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BUS 199 — Speaker Series: AI the Great Disruption

Quarter: Fall
Day(s): Thursdays
Course Format: Live Online (About Formats)
Duration: 4 weeks
Date(s): Oct 5—Oct 26
Time: 5:00—6:30 pm (PT)
Refund Deadline: Oct 7
Unit: 0
Grade Restriction: NGR only; no credit/letter grade
Tuition: $380
Class Recording Available: Yes
Status: Open
Live Online(About Formats)
5:00—6:30 pm (PT)
Oct 5—Oct 26
4 weeks
Refund Date
Oct 7
0 Unit
Grade Restriction
NGR only; no credit/letter grade
It's a phenomenon known as "polyvalence," meaning multiple, valid interpretations or solutions to a particular issue or problem with no single correct answer. And it is a particularly effective way to approach the massive topic of AI. Opinions on AI are as diverse as the underlying data used to train machine learning models. This course will assemble four distinguished speakers from across Stanford to discuss the future impact of AI, each through a unique lens, including entrepreneurship, investing, research, and policy.

This speaker series is not designed to create consensus; it's designed to provide a mosaic of perspectives to help inform your personal opinion of AI's potential and how it will change your life. Taken together, these opinions create a more robust understanding of both the opportunities AI promises and the threats it portends. Experts will share their perspectives on various topics: What makes this generation of AI more meaningful compared with historical iterations? How can companies use AI to increase their valuation? What policies and enforcement methods must be implemented today to secure an unharmful future? And what does AI mean for personalized medicine, and what impact will it have on healthcare? This one-time-only lecture series is sure to be…unpredictable.


Session 1:
Thursday, October 5, 5:00 - 6:30 (PT)

How Does AI Change Our Approach to Innovation?

Ronjon Nag, The Entrepreneur

Ronjon Nag is an adjunct professor in genetics at the Stanford School of Medicine, a visiting fellow at Stanford’s Center for the Study of Language and Information, and president of R42 Group, an AI venture fund. He has been building AI systems for 40 years and has sold companies he co-founded or advised to Motorola, RIM/Blackberry, and Apple. He became a Stanford Interdisciplinary Distinguished Careers Institute Fellow in 2016, and he teaches AI, genes, and ethics courses at the Stanford School of Medicine. Nag received a PhD from Cambridge, an MS from MIT, the IET Mountbatten Medal, the $1 million Verizon Powerful Answers Award, and the 2021 IEEE-SCV Outstanding Engineer Award. He is a co-founder and part owner of some 100 AI and biotech startups.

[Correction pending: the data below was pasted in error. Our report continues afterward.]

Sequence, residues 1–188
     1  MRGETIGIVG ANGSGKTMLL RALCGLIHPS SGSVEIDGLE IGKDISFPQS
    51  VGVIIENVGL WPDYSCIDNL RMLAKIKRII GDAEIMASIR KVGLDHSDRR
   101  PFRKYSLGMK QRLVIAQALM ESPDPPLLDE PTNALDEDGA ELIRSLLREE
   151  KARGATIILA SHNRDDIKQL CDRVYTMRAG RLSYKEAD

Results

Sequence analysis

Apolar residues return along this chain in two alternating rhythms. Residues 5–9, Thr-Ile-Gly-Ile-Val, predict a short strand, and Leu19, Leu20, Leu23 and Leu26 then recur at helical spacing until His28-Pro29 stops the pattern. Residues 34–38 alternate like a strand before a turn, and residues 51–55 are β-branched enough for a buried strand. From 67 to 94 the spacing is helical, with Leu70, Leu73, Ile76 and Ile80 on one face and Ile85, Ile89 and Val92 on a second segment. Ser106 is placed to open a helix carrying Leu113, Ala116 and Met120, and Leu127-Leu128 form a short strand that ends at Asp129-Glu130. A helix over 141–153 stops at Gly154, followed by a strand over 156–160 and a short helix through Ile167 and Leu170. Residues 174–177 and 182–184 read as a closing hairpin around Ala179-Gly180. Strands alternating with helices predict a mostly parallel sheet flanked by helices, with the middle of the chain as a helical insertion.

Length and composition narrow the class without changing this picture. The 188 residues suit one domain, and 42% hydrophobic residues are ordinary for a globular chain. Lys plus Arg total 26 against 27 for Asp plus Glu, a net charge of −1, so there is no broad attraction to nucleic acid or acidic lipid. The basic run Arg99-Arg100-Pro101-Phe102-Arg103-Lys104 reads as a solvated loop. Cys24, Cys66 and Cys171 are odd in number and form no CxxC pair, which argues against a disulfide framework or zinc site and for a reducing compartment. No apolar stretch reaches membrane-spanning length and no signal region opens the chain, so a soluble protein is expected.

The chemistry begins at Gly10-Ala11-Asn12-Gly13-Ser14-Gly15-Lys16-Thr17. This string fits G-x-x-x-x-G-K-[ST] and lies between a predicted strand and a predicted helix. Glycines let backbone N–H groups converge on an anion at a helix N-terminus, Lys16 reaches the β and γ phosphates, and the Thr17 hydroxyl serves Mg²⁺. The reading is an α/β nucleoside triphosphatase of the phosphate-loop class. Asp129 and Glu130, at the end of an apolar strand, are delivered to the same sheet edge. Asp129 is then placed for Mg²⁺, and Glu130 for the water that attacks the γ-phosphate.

Session 2: Thursday, October 12, 5:00 - 6:30 (PT)

How Does AI Change the Way Companies Are Formed, Operated, and Acquired?

Paul Weinstein, The Investor

Paul Weinstein is the instructor of "Exit Strategies: Maximizing the Value of Your Company" at Stanford Continuing Studies. For more than 20 years, he has worked as an executive, board member, investor, and advisor to companies such as Microsoft, Check Point Software, MySQL, and Google, and he has made game-changing deals with numerous technology and entertainment/media player companies. In addition, he has raised hundreds of millions of dollars in capital and has been a key player in acquisitions with a total value in the billions. Combining the skills of an investment banker, management consultant, and veteran entrepreneur and executive, he is focused on helping entrepreneurs answer the following question: What does my company have to offer a much larger player in my industry, and how do I use that to maximize my success? This value can be realized in the form of a big customer relationship, a key partnership, an investment, or an acquisition.

Session 3: Thursday, October 19, 5:00 - 6:30 (PT)

How Does AI Change the Way We Approach Scientific Research?

Michael Snyder, The Researcher

Michael Snyder is the chair of the department of genetics and the director for genomics and personalized medicine at Stanford Medicine. He is an expert on using big data to generate insights into biological processes and human disease. He has developed many technologies in genomics and proteomics, including proteome chips, high-resolution tiling arrays for the entire human genome, methods for global mapping of transcription factor binding sites (ChIP-chip now replaced by ChIP-seq), and paired-end sequencing for mapping of structural variation in eukaryotes. His pioneering work in wearables, remote microsampling devices, and personalized AI is transforming healthcare.

Session 4: Thursday, October 26, 5:00 - 6:30 (PT)

How Does AI Change Data Privacy for the Average Person?

Jennifer King, The Policymaker

Jennifer King is the Privacy and Data Policy Fellow at Stanford HAI, where she specializes in information privacy, technology policy, and human-computer interaction. Her research interests and experience include privacy by design, Internet of Things (IoT)/UbiComp, mobile computing, data ethics, responsible innovation, and artificial intelligence (AI). She is a social technologist who uses social science and usability methods to research, analyze, and solve technology problems. Her specific interests include user-focused privacy and security, privacy by design, online collaboration, social networks, ubiquitous/mobile computing, and technology policy. Her past experience includes over seven years in online product management and application development, as well as usability testing and information architecture.

Textbooks for this course:

There are no required textbooks; however, some fee-based online readings may be assigned.